It’s always been my dream to speak foreign languages: I remember once swearing that, during my lifetime, I would be able to speak the ‘romance’ languages – Spanish, French, Italian and Portuguese (excluding Romanian) – all fluently. Coming to Italy for a year, I certainly thought that one of those could be ticked off the list. But, during my struggle to compete in Italian classes filled with talented European linguists, it’s becoming more and more clear how difficult a challenge I have set myself.
I am, however, going to go out on a whim and claim this: that the challenge is even more difficult because I am English. And, more importantly, that this is a fault of our society and a credit to the European mainland.
It is, in short, a privilege to take part in an Erasmus exchange and almost always to be understood because the language of communication is my own. You can put this down to our past and to our present: the spread of English with its Empire, or the current popularity of Ed Sheeran and Peaky Blinders. Whether they want to or have to, the result is the same: citizens of European, and other, countries learn English, and they learn it well.
It is my privilege, therefore, to be able to express myself accurately amongst a group of people who, of course, have to try that little bit harder to get their thoughts across. Learning Italian, I know only too well the frustration of knowing exactly what I want to say, but just not having the tools to express it in the way that I would like – for example, using a word that doesn’t mean what I want, simply because it means saying something. My European friends, it must be said, speak English brilliantly; but there’s no doubt that, at times, they wish that they could express themselves in their own languages, which, supporting their cultures and having defined their past emotional experiences, have far more power to communicate the thoughts inside their heads than my language does.
At times, then, the fact that we speak English as a group is great for me. I bet that I come across as more funny than usual (or, just funny), more intelligent and more empathetic than I do in the UK because the speed and accuracy with which my expression comes are that bit quicker and, well, accurate (perhaps not, then…). To me, though, as such an admirer of the linguistic skills that my friends have picked up, this linguistic privilege has as many negative undertones as it does benefits.
Firstly, and most obviously, it means that we English do not try to speak other languages. I’ve heard the compliment many a time – ‘Wow, you are English and have learnt some foreign languages, that’s great! – but this compliment never fails to fill me with embarrassment. ‘Linguistic skills’ doesn’t mean ‘being able to speak a language’ – these skills are ones of logic, discipline, creativity, confidence and many more, and they are skills that we are missing out on because we don’t have to make any effort to get our thoughts across. Though their surprise is not meant condescendingly, to me, it sounds like ‘you guys aren’t meant to be as intelligent as we are’.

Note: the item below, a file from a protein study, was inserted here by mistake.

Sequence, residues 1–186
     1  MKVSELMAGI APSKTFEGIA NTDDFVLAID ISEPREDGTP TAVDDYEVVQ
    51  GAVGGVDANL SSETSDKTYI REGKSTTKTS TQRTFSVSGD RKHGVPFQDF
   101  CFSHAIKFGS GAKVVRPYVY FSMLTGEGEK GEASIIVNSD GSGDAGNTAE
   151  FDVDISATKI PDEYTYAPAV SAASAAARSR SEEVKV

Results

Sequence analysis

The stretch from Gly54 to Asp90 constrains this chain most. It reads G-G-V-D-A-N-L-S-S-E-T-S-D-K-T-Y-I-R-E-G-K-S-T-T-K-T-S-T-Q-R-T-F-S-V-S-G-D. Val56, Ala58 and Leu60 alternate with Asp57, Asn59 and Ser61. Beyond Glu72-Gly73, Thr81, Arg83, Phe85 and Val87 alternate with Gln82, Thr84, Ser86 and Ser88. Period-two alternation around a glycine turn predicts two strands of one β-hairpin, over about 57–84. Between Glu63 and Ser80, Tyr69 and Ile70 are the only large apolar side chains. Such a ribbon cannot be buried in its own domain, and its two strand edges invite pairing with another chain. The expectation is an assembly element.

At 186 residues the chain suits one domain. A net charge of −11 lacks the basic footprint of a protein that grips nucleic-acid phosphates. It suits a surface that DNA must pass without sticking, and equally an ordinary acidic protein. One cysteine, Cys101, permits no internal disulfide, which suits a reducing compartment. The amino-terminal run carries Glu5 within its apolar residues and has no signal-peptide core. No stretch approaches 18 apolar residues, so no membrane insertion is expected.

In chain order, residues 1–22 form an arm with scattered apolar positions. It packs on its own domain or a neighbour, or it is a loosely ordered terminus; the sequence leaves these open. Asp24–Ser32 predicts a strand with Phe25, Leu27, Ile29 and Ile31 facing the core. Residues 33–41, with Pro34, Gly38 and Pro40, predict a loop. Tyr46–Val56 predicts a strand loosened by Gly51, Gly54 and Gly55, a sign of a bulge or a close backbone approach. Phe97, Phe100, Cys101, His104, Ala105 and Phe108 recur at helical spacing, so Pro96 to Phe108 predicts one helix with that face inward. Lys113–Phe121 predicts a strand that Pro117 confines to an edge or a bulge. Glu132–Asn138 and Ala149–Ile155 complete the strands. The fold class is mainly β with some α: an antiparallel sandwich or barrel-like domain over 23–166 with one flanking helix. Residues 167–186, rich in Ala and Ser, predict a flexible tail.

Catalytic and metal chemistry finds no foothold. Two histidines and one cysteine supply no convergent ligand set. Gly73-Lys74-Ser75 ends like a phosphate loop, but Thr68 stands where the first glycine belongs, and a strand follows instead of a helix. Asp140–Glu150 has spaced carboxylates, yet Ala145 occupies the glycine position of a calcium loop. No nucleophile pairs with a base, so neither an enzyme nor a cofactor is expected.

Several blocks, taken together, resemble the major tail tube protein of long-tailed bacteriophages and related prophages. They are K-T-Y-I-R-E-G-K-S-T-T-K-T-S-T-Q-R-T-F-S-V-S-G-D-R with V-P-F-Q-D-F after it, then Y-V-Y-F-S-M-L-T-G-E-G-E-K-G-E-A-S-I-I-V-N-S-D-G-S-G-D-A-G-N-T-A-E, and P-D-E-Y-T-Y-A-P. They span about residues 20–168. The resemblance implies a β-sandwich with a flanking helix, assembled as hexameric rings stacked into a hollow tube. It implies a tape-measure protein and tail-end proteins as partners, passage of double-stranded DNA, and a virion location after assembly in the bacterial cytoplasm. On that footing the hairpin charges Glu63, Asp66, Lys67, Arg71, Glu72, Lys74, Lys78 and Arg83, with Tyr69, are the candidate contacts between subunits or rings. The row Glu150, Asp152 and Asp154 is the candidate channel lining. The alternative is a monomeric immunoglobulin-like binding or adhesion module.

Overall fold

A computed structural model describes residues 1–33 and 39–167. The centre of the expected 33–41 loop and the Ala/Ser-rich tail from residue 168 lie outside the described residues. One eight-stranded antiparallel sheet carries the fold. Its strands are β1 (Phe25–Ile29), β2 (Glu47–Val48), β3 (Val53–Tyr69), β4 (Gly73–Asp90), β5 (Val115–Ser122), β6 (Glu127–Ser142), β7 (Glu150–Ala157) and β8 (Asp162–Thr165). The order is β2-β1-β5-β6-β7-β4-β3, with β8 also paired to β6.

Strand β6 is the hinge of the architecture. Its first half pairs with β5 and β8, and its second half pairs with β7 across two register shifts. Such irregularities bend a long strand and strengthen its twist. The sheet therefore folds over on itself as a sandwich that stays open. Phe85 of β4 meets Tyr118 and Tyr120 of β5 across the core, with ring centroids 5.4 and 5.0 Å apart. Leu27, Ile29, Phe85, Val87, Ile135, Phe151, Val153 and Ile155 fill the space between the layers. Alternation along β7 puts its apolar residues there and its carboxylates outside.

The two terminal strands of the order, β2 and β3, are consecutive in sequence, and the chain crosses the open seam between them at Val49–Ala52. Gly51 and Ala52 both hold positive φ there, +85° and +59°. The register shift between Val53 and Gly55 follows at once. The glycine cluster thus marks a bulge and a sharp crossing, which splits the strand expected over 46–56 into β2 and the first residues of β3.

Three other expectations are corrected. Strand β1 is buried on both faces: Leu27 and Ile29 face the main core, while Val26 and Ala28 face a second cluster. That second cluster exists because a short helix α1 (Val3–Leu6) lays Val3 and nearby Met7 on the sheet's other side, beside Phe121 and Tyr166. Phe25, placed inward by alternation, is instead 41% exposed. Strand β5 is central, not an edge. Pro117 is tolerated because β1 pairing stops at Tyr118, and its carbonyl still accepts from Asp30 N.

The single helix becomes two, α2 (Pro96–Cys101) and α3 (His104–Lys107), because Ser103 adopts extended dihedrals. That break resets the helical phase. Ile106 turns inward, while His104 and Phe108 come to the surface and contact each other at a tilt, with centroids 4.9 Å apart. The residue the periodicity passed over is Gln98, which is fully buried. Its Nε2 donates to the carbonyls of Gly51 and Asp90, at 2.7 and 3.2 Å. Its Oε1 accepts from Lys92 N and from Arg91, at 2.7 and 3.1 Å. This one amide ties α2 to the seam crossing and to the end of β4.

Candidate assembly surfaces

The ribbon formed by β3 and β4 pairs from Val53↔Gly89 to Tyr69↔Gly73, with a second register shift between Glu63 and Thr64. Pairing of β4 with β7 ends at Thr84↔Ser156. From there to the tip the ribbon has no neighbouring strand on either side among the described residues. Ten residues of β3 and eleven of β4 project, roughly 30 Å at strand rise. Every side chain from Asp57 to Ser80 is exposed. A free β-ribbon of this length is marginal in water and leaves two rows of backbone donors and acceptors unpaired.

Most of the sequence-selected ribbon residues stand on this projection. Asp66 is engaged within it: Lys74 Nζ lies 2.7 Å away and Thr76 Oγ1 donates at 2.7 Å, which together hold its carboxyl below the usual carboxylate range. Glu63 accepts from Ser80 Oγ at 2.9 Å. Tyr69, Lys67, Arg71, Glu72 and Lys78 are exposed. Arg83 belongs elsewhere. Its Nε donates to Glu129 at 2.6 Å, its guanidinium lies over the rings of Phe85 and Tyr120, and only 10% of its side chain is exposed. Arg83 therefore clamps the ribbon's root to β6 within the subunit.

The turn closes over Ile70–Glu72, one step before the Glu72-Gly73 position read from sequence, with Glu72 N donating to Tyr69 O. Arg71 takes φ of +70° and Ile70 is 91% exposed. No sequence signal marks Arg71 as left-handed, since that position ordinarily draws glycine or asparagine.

There is, however, an even more sinister consequence of our failure to make an effort with foreign languages. My inability to express myself effectively whilst learning Italian has made me pay even more attention to my expression in English and, consequently, I have become amazed at how often what I say fails truly to convey the emotions inside my head, both because of laziness (does it really matter if I’m jealous or envious?) and because of a fundamental lack of vocabulary. Can it really be true that our practice of speaking only English is actually making our English worse?
Not putting yourself under pressure to find the correct way of informing others of what’s in your head means that you become less and less able to communicate effectively. This privilege that comes with the popularity of English will soon cease to be one, because our foreign friends, who not only learn English, but learn the skills that go with learning a language, will be able to express themselves in English better than we ourselves can, simply because they are more practised at connecting their thoughts to their words effectively. In turn, it may already be hard for me, an Englishman, to analyse my expression and to apply such skills to my learning a foreign language – but this challenge is only going to become harder if we do not make the effort to change how foreign languages, and our own language, are taught and considered in our society.
And I almost managed to write this post without mentioning Brexit – but does it really need to be said that such a rejection of Europe and its people will spark big changes to how we communicate with them? In some ways, I hope that the popularity of English does decline with our withdrawal: it might force the government to train us in vital skills of expression and thought that we currently miss out on. And it might even increase the value of my Classics degree (ha, ha).